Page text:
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Browse Prior Art Database

Microphone Suspension and Noise Shield

IP.com Disclosure Number: IPCOM000075770D
Original Publication Date: 1971-Nov-01
Included in the Prior Art Database: 2005-Feb-24
Document File: 2 page(s) / 62K

Publishing Venue

IBM

Related People

Linton, R: AUTHOR [+3]

Abstract

In the early days of radio, broadcasting microphones, Fig. 1, were suspended from a set of springs that attenuated shocks reaching the microphone. These springs acted in tension, not shear or bending.

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Microphone Suspension and Noise Shield

In the early days of radio, broadcasting microphones, Fig. 1, were suspended from a set of springs that attenuated shocks reaching the microphone. These springs acted in tension, not shear or bending.

When a microphone is mounted in a dictation unit, such as the IBM Model 224 portable unit, noise can reach the microphone from the unit's motor and gear train by being transmitted mechanically to the microphone housing, and by transmission through the air. This mounting system effectively attenuates either type of noise.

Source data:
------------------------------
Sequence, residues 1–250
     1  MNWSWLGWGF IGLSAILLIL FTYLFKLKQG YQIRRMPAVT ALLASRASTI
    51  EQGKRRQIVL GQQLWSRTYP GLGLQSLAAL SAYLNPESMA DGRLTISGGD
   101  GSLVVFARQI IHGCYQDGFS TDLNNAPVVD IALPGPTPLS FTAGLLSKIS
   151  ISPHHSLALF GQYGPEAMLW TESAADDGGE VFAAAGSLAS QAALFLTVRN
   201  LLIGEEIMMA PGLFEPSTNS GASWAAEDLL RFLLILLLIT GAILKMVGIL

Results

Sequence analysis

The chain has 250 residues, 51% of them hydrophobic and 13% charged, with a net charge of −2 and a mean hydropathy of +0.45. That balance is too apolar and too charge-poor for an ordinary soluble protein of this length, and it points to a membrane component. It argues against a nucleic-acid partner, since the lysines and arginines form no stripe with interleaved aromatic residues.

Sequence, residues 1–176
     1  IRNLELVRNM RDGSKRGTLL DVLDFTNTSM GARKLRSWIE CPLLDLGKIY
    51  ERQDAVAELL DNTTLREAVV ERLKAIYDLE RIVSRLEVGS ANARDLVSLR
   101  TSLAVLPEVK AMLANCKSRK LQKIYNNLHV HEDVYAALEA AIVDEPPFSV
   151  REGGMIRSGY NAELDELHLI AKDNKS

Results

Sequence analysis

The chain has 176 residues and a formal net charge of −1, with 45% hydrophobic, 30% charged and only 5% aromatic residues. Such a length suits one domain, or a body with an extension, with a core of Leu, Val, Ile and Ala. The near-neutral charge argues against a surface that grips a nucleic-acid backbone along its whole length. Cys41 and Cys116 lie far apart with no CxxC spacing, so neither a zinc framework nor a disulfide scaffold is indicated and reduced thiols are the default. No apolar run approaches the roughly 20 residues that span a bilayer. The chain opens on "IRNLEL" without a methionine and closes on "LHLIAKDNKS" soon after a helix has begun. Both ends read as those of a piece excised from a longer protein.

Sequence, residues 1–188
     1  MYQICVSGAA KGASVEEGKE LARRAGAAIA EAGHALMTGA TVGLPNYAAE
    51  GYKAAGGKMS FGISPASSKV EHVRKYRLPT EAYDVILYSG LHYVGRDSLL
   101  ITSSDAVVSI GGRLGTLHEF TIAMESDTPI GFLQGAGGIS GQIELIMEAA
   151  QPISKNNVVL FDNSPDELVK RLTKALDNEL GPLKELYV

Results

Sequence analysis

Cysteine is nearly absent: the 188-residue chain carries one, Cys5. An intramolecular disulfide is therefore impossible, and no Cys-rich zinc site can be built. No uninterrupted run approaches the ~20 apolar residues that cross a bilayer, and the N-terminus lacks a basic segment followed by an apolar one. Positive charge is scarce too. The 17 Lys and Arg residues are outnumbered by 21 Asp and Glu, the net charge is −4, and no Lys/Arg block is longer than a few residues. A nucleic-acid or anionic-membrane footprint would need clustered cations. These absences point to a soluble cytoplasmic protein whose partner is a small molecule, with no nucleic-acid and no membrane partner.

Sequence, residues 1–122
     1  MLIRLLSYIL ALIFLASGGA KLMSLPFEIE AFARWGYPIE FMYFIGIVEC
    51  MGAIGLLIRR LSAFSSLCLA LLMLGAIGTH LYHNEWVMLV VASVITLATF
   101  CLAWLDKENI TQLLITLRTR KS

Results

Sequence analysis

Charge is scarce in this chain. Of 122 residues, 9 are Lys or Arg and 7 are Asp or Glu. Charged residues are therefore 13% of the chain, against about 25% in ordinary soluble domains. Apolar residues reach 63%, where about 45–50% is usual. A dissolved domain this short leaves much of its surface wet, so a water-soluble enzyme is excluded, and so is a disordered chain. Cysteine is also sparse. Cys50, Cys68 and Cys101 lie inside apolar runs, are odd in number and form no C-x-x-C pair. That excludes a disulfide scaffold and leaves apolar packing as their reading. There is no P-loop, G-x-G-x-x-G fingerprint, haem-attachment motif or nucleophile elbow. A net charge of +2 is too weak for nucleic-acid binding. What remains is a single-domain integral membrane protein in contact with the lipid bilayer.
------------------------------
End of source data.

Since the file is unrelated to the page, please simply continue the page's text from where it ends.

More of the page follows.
The microphone is a dynamic microphone mounted to the machine's end plate. When a dynamic microphone is vibrated in a direction along its axis, an output is noted from the microphone leads. This output is indistinguishable from output created by acoustical noise. The end plate to which the microphone is mounted vibrates in a direction along the axis of the microphone. The microphone is isolated from the end plate in such a manner that the vibration amplitude of the microphone would be much less (by 20 db at 300 Hz) than that of the end plate. A bezel attached to the front of the microphone, Fig. 2, has holes pointing axially outward so that sound from the machine cover, as an example, is prevented from entering the microphone from the sides.

Airborne noises generated by the drive motor and gear train are blocked by a flexible washer-like rubber noise shield located at the microphone-housing gap, Fig. 3. The sus...